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Labour's priority is to prevent no-deal Brexit before seeking general election, Corbyn says

Corbyn told reporters today he stood ready to lead an interim government if Johnson was forced from No 10.

featureimage Labour leader Jeremy Corbyn speaking during a visit to Chingford Source: Gareth Fuller via PA Images

LABOUR REMAINS DETERMINED to cut off the prospect of a no-deal Brexit before pressing for a general election, Jeremy Corbyn has said.

A senior SNP MP said the opposition parties could stage a vote of no-confidence in the government as early as next week in a bid to oust British Prime Minister Boris Johnson.

It follows talks at Westminster by party leaders aimed at thwarting any attempt by Johnson to push through a no-deal break on 31 October against the will of Parliament.

Speaking to reporters at a rally in Chingford, Essex, Corbyn said he stood ready to lead an interim government if Johnson was forced from No 10.

However, he said his first priority was to ensure the Prime Minister complied with the so-called Benn Act which requires him to seek a further Brexit delay if he cannot get a new deal with the EU.

“Our priority, all of us, is to prevent a no-deal exit from the European Union on the 31st,” he said.

At that point, we’re ready for an election. But the priority is to prevent a no-deal exit, with all the problems this could cause the people of this country.

Former chancellor Philip Hammond accused the Prime Minister of failing to negotiate seriously with the EU while the speculators who backed him stood to make a killing in the event of no-deal.

“As his sister (Rachel Johnson) has reminded us, he is backed by speculators who have bet billions on a hard Brexit – and there is only one outcome that works for them: a crash-out no-deal Brexit that sends the currency tumbling and inflation soaring,” he wrote in an article for The Times.

“So they, at least, will be reassured to see no evidence at all that his government has seriously pursued a deliverable deal; still less that it has been pursuing a deal that could get us out by October 31.”

No confidence vote

Meanwhile, the SNP MP Stewart Hosie said that a no-confidence vote might be the only way to stop no-deal.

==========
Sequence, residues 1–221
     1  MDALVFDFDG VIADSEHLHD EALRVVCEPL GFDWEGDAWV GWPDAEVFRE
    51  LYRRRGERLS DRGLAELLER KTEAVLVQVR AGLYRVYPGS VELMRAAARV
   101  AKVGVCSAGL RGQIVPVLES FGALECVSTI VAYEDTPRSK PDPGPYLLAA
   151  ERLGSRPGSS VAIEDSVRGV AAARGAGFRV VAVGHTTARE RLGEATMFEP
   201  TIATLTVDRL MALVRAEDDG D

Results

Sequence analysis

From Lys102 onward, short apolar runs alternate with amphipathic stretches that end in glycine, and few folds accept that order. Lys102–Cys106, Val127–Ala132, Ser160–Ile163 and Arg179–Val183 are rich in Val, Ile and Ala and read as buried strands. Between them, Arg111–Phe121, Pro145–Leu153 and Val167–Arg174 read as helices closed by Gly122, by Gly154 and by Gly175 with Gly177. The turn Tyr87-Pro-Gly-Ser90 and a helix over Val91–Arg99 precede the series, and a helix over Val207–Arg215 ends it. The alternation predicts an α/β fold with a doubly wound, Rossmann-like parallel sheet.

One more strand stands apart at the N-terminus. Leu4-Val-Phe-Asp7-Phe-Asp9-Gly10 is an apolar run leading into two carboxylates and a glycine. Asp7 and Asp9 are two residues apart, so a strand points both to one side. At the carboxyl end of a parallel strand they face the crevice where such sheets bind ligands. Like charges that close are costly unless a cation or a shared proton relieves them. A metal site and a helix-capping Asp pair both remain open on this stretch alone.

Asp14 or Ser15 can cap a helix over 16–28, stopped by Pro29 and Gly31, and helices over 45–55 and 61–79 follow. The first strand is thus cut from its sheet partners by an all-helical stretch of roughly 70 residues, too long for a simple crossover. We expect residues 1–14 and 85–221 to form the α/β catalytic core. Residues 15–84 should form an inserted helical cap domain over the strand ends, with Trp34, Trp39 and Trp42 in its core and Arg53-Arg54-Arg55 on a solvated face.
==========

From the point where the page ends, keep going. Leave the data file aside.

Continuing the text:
“We have to do that because there is now no confidence that the Prime Minister will obey the law and seek the extension that Parliament voted for only a few weeks ago,” he told the BBC Radio 4 Today programme.

“If we are serious about the extension, that is the only game in town.”

So far, opposition leaders have been wary of tabling a confidence vote, fearing Johnson could, if he is defeated, simply delay a general election until after 31 October by which time Britain will be out of the EU.

Hosie acknowledged the plan could only work if an alternative government capable of commanding a Commons majority had been “pre-agreed” before the vote.

However the Liberal Democrats, as well as rebel Tories who had the whip withdrawn, have made clear they that they are not prepared to see Corbyn enter No 10 as Prime Minister.

However, Hosie said it was “self-evidently the case” that as the leader of the second largest party Westminster, Corbyn should have the first chance of forming an administration.

“If Jo Swinson and the Lib Dems are actually serious about their stopping Brexit position then they need to stop playing political games, get on board with everybody else,” he said.

All of the opposition parties and the Tory rebels need to be on board with a single plan.

“If that is not in place and effectively pre-agreed, then we might end up having the general election on Boris Johnson’s terms, allowing him to run down the clock and crash out without a deal.”

Corbyn confirmed that in such an event, he would expect to be given the first crack at forming a government with the sole purpose of seeking a Brexit extension and then holding a general election.

“The normal process is that when a government collapses, the leader of the opposition is invited to form a minority government in order to carry through a specific and strictly limited process which would be to ensure no crash-out and to prepare for a general election,” he said.

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